In Summary
  • Traders take advantage of window before enforcement of new laws start, as illegal gas refilling dens flourish.

Illegal Liquefied Petroleum Gas (LPG) dealers have re-emerged in the wake of the tightening of regulations meant to tame the dangerous trade that continues to endanger the lives of millions of consumers.

Cartels that illegally import cooking gas through porous border points have taken advantage of the transition period before the new, stringent rules are enforced, to set up illegal refilling dens in various parts of the city, including in residential areas, to make a killing.

Mainstream LPG dealers have decried the loss of thousands of cooking gas cylinders in the past one month, which are stolen while in transit or simply collected from circulation to deny genuine dealers millions in revenues.

After smuggling the cooking gas, which largely falls below local quality standards, the illegal dealers skew the market by offering attractive rates, thereby attracting unsuspecting consumers.

Last week, a supermarket in Kawangware was found selling hundreds of rebranded cylinders belonging to various oil marketing companies in a raid that saw the owner of the store arrested and later released.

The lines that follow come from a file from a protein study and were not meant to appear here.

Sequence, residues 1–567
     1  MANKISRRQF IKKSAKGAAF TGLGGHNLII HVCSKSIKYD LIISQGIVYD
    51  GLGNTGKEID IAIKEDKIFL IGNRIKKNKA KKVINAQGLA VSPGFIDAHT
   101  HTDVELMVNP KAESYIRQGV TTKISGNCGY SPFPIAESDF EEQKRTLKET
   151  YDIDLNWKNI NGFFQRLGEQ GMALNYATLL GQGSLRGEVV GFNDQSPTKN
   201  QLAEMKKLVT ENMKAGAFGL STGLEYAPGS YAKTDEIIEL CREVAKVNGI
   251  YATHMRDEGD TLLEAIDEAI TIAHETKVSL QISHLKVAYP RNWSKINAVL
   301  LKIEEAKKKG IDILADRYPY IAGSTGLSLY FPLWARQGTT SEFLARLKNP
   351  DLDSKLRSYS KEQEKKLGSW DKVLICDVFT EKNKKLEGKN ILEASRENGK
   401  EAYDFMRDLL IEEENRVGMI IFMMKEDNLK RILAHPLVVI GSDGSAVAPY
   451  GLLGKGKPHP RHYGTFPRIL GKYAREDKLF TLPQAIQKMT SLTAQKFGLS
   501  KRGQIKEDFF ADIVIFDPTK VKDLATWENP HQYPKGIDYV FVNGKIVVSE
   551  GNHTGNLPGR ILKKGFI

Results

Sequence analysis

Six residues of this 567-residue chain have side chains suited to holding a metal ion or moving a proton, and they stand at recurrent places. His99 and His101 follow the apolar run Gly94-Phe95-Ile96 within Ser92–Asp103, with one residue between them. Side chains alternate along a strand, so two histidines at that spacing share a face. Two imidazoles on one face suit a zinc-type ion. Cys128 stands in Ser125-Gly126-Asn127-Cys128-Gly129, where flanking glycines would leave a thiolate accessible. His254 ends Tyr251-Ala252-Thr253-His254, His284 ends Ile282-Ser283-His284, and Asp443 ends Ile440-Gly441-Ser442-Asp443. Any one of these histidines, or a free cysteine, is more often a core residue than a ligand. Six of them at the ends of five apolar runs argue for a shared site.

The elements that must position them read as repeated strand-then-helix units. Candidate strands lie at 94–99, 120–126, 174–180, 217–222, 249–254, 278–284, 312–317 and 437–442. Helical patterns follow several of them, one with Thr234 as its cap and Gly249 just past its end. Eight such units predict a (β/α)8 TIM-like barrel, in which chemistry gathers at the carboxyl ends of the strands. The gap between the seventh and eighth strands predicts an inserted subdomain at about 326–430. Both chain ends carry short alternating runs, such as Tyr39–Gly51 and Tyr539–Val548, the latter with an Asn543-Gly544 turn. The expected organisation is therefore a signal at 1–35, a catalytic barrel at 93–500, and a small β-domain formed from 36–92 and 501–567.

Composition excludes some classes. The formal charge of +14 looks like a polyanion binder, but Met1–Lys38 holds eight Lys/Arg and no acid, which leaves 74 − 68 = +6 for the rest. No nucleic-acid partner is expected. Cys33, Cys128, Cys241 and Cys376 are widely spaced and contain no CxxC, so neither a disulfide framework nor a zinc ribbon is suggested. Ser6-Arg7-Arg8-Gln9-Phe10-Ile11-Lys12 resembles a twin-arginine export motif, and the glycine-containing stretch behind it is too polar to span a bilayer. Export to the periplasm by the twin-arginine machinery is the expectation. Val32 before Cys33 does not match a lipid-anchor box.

Energy and Petroleum Regulatory Authority Director General Pavel Oimeke, who has been blaming weaker regulations for the existence of LPG cartels, did not respond to our queries despite promising to do so through his communication team.

The new Petroleum (Liquefied Petroleum Gas) Regulations 2019 require LPG retailers to obtain multiple approvals to be able to stock different brands after the mandatory exchange pool which allowed for cross-filling of competitors’ cylinders was stopped.

EPRA has been warning dealers against stocking cylinder brands without licences and written consents from each brand owner and maintains that supermarkets, shops wholesalers and transporters will now be subjected to strict compliance requirements to tame the illegal practice that has exposed consumers to poor quality and risky cylinders in the past.

“Following increased public safety concerns on the use, distribution, retail and transportation of LPG cylinders, all retailers, wholesalers and transporters shall henceforth not undertake the business of handling cylinders of another brand owner without prior written consent from the brand owner and licence from the Authority for each business location and specific to the authorised cylinders only,” EPRA wrote in several public notices last month.

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